he day before Jocelyn Casanova graduated high school, her mother told her she was an undocumented immigrant. She had crossed the desert with her when Casanova was just 4 years old in the hopes of finding a better life and of giving her daughter more opportunity.
“It was just kind of like ripping a Band-aid off,” said Casanova, 24, of finding out.
She wasn’t mad at her mother, but learning about her past meant her future was in jeopardy. She had already applied to colleges and wanted to pursue a career in law, but had to put those plans on hold because of her immigration status.
When the Obama administration created the Deferred Action for Childhood Arrivals (DACA) program, which protects undocumented people from deportation who were brought into the country as children, she became a recipient, but there were still a lot of obstacles to her pursuing her goals.
She had to pay out of state tuition to go to a community college in North Carolina, where she grew up, and she couldn’t apply for federal aid. She worked three jobs to pay for school, and still, it wasn’t always enough.
“I’ve had to get really creative as far as bettering myself,” she said in a phone interview Thursday.
That includes putting aside dreams of becoming an immigration attorney in order to learn new skills and soak up all the opportunities she is afforded, in part because of DACA. Most recently, she was able to get an engineering degree through a company sponsorship and she works now as a software engineer in Raleigh. She continues to take classes at Wake Tech.
When the Trump administration rescinded the DACA program in 2017, it instilled a sense of fear in Casanova. She lived in the U.S. almost her entire life, but could suddenly be deported to a land mostly strange to her. She thought she was dreaming Thursday when she woke up to the news that the U.S. Supreme Court ruled the administration’s decision to end the program was against the law.
“I had to do a double take; is this really happening?” she said. “I shed a couple tears because it was like a weight lifted off my shoulders.”
She said the decision is a victory, but immigrants and DACA recipients, also called dreamers, should not stop fighting for their future.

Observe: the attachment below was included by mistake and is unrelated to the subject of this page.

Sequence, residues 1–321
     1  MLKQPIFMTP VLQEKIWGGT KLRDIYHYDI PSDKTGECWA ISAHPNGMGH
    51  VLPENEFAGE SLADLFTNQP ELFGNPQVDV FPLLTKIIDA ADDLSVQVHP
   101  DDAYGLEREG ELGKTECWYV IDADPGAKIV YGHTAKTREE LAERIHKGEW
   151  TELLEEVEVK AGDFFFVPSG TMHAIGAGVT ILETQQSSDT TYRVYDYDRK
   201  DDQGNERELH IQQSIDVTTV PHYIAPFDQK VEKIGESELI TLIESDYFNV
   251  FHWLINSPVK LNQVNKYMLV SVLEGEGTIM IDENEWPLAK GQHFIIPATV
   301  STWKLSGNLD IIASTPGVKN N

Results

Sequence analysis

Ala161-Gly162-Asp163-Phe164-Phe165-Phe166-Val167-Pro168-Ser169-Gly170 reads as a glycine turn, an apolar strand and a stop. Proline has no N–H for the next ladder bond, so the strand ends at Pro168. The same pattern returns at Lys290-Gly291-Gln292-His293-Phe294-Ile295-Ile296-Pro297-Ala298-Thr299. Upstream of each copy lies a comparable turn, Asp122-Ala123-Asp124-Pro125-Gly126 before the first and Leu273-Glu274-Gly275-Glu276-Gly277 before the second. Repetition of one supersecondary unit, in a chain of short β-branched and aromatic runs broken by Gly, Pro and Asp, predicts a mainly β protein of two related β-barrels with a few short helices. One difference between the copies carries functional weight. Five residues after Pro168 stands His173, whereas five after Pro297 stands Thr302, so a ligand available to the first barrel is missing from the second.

“We still need a permanent solution for our dreamers who are constantly trying to pursue the American Dream,” Casanova said. “It felt amazing to not be in limbo after walking down this path and not knowing where you would end up. Happiness is an understatement, especially during this uncertain time where we have a pandemic still going on, and our Black Lives Matter brothers are voicing their concerns with the justice system. Change is happening, and we should still continue to have these conversations as well as continue to count our blessings.”
Casanova is one of about 24,000 DACA holders who live in North Carolina, and among the 700,000 or so recipients nationwide. She said she is grateful to be in the U.S. and wants to continue to go to school, work and contribute to her community.
Oscar Romero is pictured left at a U.S. Supreme Court rally in the fall.
“Honestly all dreamers want, we’re hugging this country and we just want this country to hug us back,” she said. “Hearing this news was like getting a pat on the back. I definitely have a lot of hope and faith for the future. I know that we still have a long road to go down, but I’m very hopeful we’re going to see change.”
DACA is a temporary fix for recipients of the program, who don’t otherwise have a permanent path to U.S. citizenship. Last June, the U.S. House passed legislation that would safeguard the program and provide a pathway to citizenship. The bill has not been taken up in the U.S. Senate.
Still, the Supreme Court news from Thursday brought many people comfort this week. Oscar Romero, of Charlotte, said he was in complete shock when he read about the ruling.